Effectsof Texting on Literacy
Effectsof Texting on Literacy
Therelationship between texting and literacy among school going childrenhas elicited a strong debate as to whether the former affects thelatter. Texting is a practice that has become widespread all over theworld. It is highly attributed to the massive technologicaladvancements especially in the telecommunication industry in thelatter years. The subject eliciting a significant argument is that ofhow this practice affects the literacy levels of the childrenpracticing it. For this reason, this paper will dig deep into thetopic and come up with facts derived from relevant and highlytrustworthy studies to derive a conclusion on the exact effects oftexting on students.
Recentstudies have illustrated that regular use of texting slang whensending and receiving text messages, does not have an adverse impacton young people, as well as children literacy. In fact, it is deducedthat texting can benefit children`s spelling achievement (2014, p.281). Nevertheless, less keenness has been placed on the effect oftexting on the children’s comprehension of grammatical forms. Inthe study conducted by Wood, Kemp and Waldron investigated theconnection between 243 children and junior university student`sgrammatical violations completed during texting sessions and theirresults on evaluation of written and spoken grammaticalcomprehension, orthographic procedure and straight spelling aptitude(2014, p. 281). The results showed that the children made vitallymore punctuation and capitalization errors and excessive use ofunconventional punctuation than adults as seen in the length of theirtext messages.
Resultsderived from secondary and primary school children indicated thatthere was no link between the propensity of making grammatical errorsduring text messaging and their comprehension of ordinary grammar ororthography (2014, p. 282). The same results were observed aftercontrolling for precise differences in undergraduates’ spellingability and IQ.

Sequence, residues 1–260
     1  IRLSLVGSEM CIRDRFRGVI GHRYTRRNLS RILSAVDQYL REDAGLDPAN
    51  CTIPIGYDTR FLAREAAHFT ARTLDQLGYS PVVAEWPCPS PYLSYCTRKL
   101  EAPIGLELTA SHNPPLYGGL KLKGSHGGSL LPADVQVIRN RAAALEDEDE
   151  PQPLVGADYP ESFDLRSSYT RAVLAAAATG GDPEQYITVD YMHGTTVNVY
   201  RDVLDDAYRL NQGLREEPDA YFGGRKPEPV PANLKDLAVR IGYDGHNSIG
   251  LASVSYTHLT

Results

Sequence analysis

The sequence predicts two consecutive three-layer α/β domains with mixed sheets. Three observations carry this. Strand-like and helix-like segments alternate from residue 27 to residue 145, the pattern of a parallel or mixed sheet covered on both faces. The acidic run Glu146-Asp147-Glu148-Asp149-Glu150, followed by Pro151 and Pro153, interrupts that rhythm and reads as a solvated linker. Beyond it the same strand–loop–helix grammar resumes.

Generally,there is minimal proof that ungrammatical texting habits areconnected to grammatical comprehension or acquaintance oforthographic depictions of language use in children (2014, p. 282). However, there existed some little evidence that indicated youngadults to grammatical errors may be associated with insufficientknowledge of grammatical-related orthographic representations (2014,p. 282).
Anotherstudy that has deeply investigated the behaviour of texting toliteracy levels in children is that of Plester, Wood, and Bell(2008). The report involved two research studies that evaluated thelink between children`s texting habits, their understanding of textand abbreviations as well as their school performance in writtenlanguage abilities (p. 137). In the first study, 11-year-old childrengave out facts about their texting habits. Furthermore, they wererequested to translate a general English sentence into a manuscriptand the other way round (p. 1). The children’s average oral andnon-oral reasoning scores were also derived. It was found that, thosechildren who had the greatest tendency of using their cell phones tosend multiple text messages a day had inferior scores than childrenwho carried nothing. However, those who, when requested to write atext message, used a great number of text abbreviations intended toexhibit a superior performance on a measure if oral logic ability,which is necessarily connected to Key Stage 2 and 3 scores in English(pp. 137-144).
Inthe second research, children`s aptitude on writing measures wassurveyed more precisely. The age of the children ranged from10-11-year-old children were requested finish an English text messagetranslation practice once again. In this study, proficiency wasderived and showed that good texting habits may, in fact, improveschool performance attainment. This observation shows that children`spatterns of textism are not associated with poorly written languageoutcomes for children in this range (p. 1).